Marisa LaBarca ’21 always knew she wanted to be a veterinarian. As a kid, she was drawn to animals—family pets, animals in the zoo, and doctors’ office fish tanks. Her first experience with animal health was taking care of her dog Louie’s nutrition, aging, and illnesses.
But, says LaBarca, she wasn’t just taking care of Louie—who, unfortunately, recently passed away—he was also taking care of her.
“That’s one thing I hope to foster as a vet,” she said. “The power of animals in supporting emotional and mental health is something I witnessed firsthand through my volunteer experiences at Horseability, a therapeutic riding facility for disabled children. Veterinarians serve not only the animal community by promoting healthy lives, but also, indirectly, society by securing the health and safety of these animals so they can continue to do valuable work.”
The chemistry major with a biochemistry concentration and music minor is attending veterinary school at Tufts University in the fall to pursue this goal. She is particularly interested in veterinary surgery and exotic/wildlife. She is drawn to the meticulous handiwork of surgical procedures and working with wildlife would allow her to give back to the environment.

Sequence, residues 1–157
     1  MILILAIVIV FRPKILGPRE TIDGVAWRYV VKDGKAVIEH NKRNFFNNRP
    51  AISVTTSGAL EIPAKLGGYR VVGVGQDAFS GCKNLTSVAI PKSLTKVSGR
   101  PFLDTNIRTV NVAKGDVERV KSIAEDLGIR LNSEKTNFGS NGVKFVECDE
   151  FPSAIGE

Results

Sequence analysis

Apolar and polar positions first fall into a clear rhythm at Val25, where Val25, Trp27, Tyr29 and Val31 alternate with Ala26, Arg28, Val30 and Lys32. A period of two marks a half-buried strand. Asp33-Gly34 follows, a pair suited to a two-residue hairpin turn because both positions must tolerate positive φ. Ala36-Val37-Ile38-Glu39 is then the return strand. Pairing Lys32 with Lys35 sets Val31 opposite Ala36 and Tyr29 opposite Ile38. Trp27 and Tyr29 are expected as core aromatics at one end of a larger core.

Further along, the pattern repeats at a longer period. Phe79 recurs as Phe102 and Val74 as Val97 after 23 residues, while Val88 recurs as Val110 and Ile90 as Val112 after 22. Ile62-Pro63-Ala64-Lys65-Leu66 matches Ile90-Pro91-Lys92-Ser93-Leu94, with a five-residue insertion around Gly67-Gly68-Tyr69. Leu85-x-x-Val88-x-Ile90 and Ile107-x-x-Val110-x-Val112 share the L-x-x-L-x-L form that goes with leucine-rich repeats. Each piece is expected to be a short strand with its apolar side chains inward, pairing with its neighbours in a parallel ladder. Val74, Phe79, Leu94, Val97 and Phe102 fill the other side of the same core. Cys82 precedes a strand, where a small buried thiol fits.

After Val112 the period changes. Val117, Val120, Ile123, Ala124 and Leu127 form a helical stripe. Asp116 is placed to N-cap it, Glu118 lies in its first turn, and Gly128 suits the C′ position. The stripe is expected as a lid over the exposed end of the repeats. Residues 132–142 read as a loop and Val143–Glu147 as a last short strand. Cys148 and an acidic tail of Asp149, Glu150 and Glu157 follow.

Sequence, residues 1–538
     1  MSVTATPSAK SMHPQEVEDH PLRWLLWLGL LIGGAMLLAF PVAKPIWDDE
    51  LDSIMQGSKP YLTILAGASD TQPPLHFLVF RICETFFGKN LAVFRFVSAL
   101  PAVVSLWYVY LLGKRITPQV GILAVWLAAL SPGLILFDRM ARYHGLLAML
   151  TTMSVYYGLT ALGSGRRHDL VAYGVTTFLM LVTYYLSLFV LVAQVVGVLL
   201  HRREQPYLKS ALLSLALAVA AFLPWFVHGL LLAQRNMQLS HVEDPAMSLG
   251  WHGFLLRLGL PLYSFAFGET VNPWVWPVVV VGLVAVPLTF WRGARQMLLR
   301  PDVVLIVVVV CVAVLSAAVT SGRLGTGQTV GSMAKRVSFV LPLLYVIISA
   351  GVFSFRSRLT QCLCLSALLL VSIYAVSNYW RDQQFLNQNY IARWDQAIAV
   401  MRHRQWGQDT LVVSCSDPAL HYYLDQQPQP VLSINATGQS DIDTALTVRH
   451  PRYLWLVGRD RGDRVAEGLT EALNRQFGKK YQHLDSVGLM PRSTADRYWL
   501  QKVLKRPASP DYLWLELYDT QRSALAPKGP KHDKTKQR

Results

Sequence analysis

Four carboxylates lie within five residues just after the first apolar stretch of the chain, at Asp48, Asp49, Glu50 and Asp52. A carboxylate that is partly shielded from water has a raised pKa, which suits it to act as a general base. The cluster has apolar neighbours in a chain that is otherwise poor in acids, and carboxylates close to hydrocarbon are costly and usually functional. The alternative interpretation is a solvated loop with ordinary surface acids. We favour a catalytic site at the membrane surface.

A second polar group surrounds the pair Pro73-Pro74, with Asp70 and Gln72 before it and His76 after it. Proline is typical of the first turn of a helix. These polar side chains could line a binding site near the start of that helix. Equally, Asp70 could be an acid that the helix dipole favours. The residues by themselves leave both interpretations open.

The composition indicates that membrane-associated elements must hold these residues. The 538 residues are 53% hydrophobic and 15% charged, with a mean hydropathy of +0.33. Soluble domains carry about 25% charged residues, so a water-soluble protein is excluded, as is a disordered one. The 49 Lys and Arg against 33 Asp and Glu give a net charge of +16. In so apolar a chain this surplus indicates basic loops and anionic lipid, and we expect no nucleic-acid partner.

“My volunteering experience in South Africa reaffirmed my commitment to becoming an exotic/wildlife veterinarian,” said LaBarca. “I was able to care for, prepare feeds for, and create enrichment for many wild animals, such as elephants, cheetahs and bat-eared foxes. I also really enjoyed watching cheetahs train by chasing a dragline, feeding lions, and setting up a new pen for an expecting mother. After all, treating and returning animals to their natural habitats both revitalizes and remedies the damaged ecosystems worldwide.”
She chose Tufts because the program prioritizes exotic animal education and includes visits to wildlife centers and opportunities to learn about conservation medicine. The Doctor of Veterinary Medicine program at Tufts is four years of teaching, lab research, and clinical experience. During her first year, LaBarca will get a foundation in biomedical science and learn the basics of how to handle large and small animals.
“Tufts’ program is exciting to me because they have a strong wildlife medicine rotation, and there is a lot of work with large animals in addition to the more typical cats and dogs,” she said.
“Where They’re Headed” is a blog series chronicling the post-collegiate plans of recent Haverford graduates.